How Local Businesses Are Dealing With COVID
Updated: Jun 2
Since the coronavirus pandemic began and stay-at-home orders were put in place, many people are not leaving their homes. As a result, an abundance of small, local businesses are having a hard time keeping the lights on. Without families going out to eat or shop for items except essential goods, many local merchants do not have the funds to cover expenses due to lack of business.
In the span of six months, starting in March 2020, over one hundred sixty-three thousand businesses across the US have notified Yelp that they have closed, about sixty percent of these permanently. Restaurants, bars, and nightlife attractions have been hit the hardest. As of August 31, about thirty-two thousand restaurants have shut down in the US, around sixty-one percent for good.
To better understand the impact of COVID-19 to small businesses, The Talon spoke with owners of two local stores: Flashlight Books in Walnut Creek and Lisa V’s in Concord, both small, locally owned businesses that primarily cater to local customers.
When the shelter-in-place was first ordered, the two businesses needed to adjust to the circumstances. The owners increased their own working hours, trying to manage everything that has been happening.
“We were very lucky in that our landlord postponed our rent payments . . . so we had a little extra flexibility in those first couple months,” the owners of Flashlight Books said. “And since we don't have any employees . . . we didn't have to lay anyone off, though salaries had to be suspended. We did end up launching a fundraiser selling exclusive, branded shirts and totes. . .”
Lisa V’s took a slightly different approach. The owner, Lisa VonFeldon, otherwise known as Lisa V, laid off all her employees so they could file for unemployment. She worked the store by herself to pay the rent. She was able to apply for a Paycheck Protection Program (PPP) Loan, designed to help small businesses keep workers on payroll and rehired her employees a few months later.
Maintaining business during the shutdown has been difficult, but both stores have been making it. Flashlight Books have relied heavily on their online shop (www.flashlightbooks.com), as well as in-store shopping by appointment, and curbside pickup.
Lisa V’s is a restaurant, so she had other challenges. Ingredients and supplies have been difficult to get. “The price of so many supplies have really gone up,” Lisa V said. “From meats to cheese to produce, most have gone up around twenty percent. A simple item, like disposable gloves that we use so many of, went from forty-five dollars a case to one hundred and fifty dollars a case, and we go through three cases a month. That's almost five hundred dollars a month just for gloves. The first couple months were difficult to get certain supplies but supply chains have been pretty normal these last few months.”
Lisa also needed a new way to bring in customers . “I was lucky because a lot of my business was already take out,” Lisa V said. “The key was letting people know I was open for takeout and we introduced a new concept with our Grab and Go dinners, which are homemade dinners for four people for twenty-nine ninety-nine. We put a big sign out on Clayton Road, my sister put it out on her facebook and my son put it out on his social media. That really helped. Additionally, we simply asked our customers who were coming in to spread the word that we were open.”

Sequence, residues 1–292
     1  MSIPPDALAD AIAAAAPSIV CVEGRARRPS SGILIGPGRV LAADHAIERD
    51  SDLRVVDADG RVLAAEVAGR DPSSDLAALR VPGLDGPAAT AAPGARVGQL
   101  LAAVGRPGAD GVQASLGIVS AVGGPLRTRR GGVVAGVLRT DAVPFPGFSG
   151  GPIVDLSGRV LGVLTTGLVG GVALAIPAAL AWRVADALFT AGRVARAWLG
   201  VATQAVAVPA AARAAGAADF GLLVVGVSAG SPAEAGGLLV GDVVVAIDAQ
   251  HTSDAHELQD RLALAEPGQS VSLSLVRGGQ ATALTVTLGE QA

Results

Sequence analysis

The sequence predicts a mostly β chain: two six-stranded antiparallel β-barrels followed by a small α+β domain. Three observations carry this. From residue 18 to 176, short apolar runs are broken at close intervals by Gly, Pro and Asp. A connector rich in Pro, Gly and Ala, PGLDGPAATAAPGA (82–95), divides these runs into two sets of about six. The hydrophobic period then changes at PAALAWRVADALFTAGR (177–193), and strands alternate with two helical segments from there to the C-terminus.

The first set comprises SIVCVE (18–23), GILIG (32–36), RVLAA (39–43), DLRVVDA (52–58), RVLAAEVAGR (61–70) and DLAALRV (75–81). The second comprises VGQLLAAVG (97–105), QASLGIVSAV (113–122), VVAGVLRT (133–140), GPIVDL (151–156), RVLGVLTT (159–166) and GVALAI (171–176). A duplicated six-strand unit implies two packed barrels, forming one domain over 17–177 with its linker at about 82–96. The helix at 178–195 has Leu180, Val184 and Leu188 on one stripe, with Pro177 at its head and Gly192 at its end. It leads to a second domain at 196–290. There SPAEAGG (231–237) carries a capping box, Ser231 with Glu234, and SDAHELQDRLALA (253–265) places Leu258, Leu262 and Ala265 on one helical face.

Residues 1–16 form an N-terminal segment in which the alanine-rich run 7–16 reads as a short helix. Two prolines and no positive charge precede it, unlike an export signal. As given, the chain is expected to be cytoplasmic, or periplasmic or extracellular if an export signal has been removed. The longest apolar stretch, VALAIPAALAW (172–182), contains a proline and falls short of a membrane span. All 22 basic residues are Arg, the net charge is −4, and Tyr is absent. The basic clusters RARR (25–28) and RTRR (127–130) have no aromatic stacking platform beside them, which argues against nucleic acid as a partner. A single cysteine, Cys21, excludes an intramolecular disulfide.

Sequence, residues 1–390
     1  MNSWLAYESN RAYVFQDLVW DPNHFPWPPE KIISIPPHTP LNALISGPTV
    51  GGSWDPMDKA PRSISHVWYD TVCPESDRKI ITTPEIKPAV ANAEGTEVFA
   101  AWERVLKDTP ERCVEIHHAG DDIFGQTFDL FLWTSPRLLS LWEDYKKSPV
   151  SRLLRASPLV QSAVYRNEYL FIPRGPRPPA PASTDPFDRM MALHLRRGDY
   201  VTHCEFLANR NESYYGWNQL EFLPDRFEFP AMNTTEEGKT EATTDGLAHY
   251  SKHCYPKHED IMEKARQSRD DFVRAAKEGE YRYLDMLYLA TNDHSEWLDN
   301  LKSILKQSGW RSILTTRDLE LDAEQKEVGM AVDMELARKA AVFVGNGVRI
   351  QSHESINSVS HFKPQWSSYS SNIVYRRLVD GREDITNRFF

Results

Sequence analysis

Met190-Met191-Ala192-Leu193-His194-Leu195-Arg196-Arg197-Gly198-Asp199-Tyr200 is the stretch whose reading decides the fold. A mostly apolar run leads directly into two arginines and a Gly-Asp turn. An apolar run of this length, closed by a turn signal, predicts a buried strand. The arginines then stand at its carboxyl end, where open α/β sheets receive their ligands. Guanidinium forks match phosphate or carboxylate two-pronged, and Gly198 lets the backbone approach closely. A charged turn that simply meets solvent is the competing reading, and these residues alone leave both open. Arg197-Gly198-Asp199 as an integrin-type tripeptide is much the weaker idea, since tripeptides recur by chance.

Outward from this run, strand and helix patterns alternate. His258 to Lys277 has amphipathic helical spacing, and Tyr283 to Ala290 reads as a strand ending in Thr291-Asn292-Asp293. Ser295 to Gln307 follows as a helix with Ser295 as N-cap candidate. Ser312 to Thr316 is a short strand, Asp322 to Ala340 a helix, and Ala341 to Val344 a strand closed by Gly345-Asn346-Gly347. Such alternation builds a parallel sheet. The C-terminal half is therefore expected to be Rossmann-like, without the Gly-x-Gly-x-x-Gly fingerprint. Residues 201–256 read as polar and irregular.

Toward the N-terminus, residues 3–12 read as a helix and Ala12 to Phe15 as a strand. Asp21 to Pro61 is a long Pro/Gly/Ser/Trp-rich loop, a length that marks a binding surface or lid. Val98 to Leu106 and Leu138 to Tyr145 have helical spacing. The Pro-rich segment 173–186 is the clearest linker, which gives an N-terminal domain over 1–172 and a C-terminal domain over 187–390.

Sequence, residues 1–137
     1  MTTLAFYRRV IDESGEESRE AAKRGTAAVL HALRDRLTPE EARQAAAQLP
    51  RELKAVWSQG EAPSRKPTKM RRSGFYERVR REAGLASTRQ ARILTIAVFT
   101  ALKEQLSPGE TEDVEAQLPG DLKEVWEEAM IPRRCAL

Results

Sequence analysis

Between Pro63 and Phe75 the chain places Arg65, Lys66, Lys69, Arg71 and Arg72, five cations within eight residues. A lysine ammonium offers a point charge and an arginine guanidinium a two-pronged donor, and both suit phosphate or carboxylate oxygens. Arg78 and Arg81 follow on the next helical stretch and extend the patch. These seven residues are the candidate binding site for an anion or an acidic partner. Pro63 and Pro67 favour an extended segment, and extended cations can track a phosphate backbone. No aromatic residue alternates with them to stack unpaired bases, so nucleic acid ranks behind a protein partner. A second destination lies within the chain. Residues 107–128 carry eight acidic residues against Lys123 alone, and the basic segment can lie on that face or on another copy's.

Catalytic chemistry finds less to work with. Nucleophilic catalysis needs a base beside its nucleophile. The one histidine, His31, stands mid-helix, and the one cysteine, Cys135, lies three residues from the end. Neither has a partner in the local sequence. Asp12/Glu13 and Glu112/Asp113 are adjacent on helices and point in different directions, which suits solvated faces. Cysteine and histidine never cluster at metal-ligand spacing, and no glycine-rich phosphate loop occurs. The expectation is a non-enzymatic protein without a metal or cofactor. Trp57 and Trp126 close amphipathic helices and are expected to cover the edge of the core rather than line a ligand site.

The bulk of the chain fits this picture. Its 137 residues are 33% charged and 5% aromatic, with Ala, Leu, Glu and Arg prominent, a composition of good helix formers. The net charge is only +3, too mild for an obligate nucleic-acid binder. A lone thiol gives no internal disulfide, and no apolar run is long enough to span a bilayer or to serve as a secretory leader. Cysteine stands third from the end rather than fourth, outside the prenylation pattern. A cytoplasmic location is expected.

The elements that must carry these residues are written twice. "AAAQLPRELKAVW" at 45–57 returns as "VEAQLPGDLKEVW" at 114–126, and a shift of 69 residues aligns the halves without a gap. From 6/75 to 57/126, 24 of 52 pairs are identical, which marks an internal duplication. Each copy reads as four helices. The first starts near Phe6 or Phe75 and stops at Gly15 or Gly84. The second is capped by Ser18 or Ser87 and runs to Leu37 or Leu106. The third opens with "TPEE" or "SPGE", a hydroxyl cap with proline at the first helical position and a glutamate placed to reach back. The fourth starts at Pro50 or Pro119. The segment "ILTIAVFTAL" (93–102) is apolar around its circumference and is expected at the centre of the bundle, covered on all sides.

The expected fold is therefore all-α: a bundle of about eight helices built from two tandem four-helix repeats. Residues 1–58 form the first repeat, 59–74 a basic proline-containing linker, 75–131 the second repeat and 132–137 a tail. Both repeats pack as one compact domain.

Both businesses value the community support that has been displayed by their customers. When asked about it, the Flashlight Books owners replied, “Absolutely, and we're so grateful to them. There have been days when we end up teary eyed, really moved by our customers' support, when they send us a note of appreciation, or make a point to order a new release from us, and let us know that our presence is important to them. There's been a lot of increased awareness about shopping local, and people have been really responsive.”
Lisa V’s was also extremely appreciative. “This is the question that cannot be answered with enough words,” Lisa V said. “Our customers are absolutely AMAZING!! I cannot tell you the support, encouragement and loyalty we received from our customers in Concord and Clayton. People who were struggling themselves and made a point to support us. Children telling their parents ‘We have to go support Lisa V's.’ I will forever be grateful, they saved my business and continue to everyday they show up.”
When asked if there were any increases in sales of certain genres, the owners of Flashlight Books replied, “While not one-to-one related to the pandemic, sales of books on anti-racism, America's history with racism, and both fiction and non-fiction by authors of color have all increased. We've also seen increases in young adult fiction, romance, and cookbooks . . . we sold a number of bread related cookbooks, though those have tapered off.”
Lisa V’s was asked if there were any changes in what people were ordering and she replied that some customers come in for their favorite menu items, but there’s also been an increased popularity in the Grab and Go dinners.
Local businesses may be struggling, but they are pulling through and adapting to the new circumstances. These business owners are part of the local community and provide jobs and services. They are our neighbors. Next time you shop, try to buy from local stores to help businesses where you live.
Interview with the owners of Flashlight Books, Shoshana and Marian
Interview with the owner of Lisa V’s, Lisa VonFeldon